What is the change? Thai authorities have tightened document legalization requirements for nationals of certain countries submitting long-term dependent visa applications at the One-Stop Service Center (OSSC).

What does the change mean? Nationals of the countries listed below must submit marriage or birth certificates (when required) that are either (1) legalized by an embassy in Thailand or (2) legalized by their home country’s ministry of foreign affairs and then authenticated by the Thai Embassy in that country. Applicants should note that the change only applies to OSSC applications; applicants filing long-term dependent visa applications through the regular process at the Immigration Bureau were already required, no matter their nationality, to have birth and marriage certificated legalized in the manner described above.

  • Implementation time frame: Immediate and ongoing. The changes took effect Oct. 3.
  • Visas/permits affected: Long-term dependent visas, including renewals.
  • Who is affected: Nationals of specified countries applying for long-term dependent visas, including renewals, at the OSCC. The change only applies to non-Board of Investment (BOI) companies..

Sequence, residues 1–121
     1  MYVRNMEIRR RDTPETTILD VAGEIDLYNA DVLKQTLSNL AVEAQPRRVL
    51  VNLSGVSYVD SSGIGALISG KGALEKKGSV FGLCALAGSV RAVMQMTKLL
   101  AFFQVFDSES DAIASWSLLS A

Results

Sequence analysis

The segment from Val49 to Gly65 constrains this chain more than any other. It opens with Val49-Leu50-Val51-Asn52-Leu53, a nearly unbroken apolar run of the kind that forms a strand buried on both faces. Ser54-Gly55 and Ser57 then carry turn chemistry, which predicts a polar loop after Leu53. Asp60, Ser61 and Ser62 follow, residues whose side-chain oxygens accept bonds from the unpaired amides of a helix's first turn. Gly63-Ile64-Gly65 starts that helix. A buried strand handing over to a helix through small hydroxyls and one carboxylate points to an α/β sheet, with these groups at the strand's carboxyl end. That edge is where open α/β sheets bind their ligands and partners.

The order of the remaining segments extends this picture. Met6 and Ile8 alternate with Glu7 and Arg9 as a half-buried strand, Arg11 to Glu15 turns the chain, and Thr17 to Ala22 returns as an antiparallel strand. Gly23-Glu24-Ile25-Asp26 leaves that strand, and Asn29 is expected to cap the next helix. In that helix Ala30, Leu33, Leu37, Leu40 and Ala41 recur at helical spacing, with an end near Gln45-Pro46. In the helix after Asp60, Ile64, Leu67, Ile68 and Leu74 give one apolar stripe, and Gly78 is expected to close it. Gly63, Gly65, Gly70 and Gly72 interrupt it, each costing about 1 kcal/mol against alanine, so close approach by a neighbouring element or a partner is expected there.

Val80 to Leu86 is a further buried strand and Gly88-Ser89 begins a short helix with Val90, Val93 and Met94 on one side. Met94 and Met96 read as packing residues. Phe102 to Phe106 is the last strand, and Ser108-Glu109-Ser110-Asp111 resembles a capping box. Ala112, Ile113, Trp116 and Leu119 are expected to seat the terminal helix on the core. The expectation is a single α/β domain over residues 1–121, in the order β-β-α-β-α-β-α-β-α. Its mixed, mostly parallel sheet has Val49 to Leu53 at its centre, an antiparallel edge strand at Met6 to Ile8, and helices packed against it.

• Impact on processing times: There is no indication that the processing times themselves will be delayed, but the legalization requirements may add to the time it takes to prepare an application. Applications filed without properly legalized supporting documentation may be unnecessarily delayed.
  • Background: Thai authorities said they put the new requirements in place after they received fraudulent documents from applicants from certain nationalities.

The countries whose nationals will be affected by the change are: Argentina, Bangladesh, Bolivia, Chile, Colombia, Gambia, Ghana, Guinea, India, Iran, Liberia, Mali, Nepal, Nigeria, Pakistan, Peru, Senegal, Sierra Leone, Sri Lanka, Togo and Uganda. The list of nationalities is subject to change without notice.

Nationals from countries not listed above will not be affected when it comes to OSSC applications. It should be noted, however, that regular rules about submitting documents that are not in English will apply. Documents not in English must first be translated and then legalized by one of the methods listed above.

BAL Analysis: The change will add to the time it takes for select nationals to prepare applications for long-term dependent visas filed at the OSSC. Affected applicants should make note of the change and allow for extra time to collect documents, if possible.  

This alert has been provided by the BAL Global Practice group and our network provider located in Thailand. For additional information, please contact your BAL attorney.

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